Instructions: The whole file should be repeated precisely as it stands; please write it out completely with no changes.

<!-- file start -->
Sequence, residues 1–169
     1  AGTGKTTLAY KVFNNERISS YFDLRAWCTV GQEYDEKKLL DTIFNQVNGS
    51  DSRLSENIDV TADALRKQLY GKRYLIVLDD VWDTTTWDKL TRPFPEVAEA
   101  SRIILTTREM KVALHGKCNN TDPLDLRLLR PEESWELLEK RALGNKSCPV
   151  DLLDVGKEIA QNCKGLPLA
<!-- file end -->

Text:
Sequence, residues 1–169
     1  AGTGKTTLAY KVFNNERISS YFDLRAWCTV GQEYDEKKLL DTIFNQVNGS
    51  DSRLSENIDV TADALRKQLY GKRYLIVLDD VWDTTTWDKL TRPFPEVAEA
   101  SRIILTTREM KVALHGKCNN TDPLDLRLLR PEESWELLEK RALGNKSCPV
   151  DLLDVGKEIA QNCKGLPLA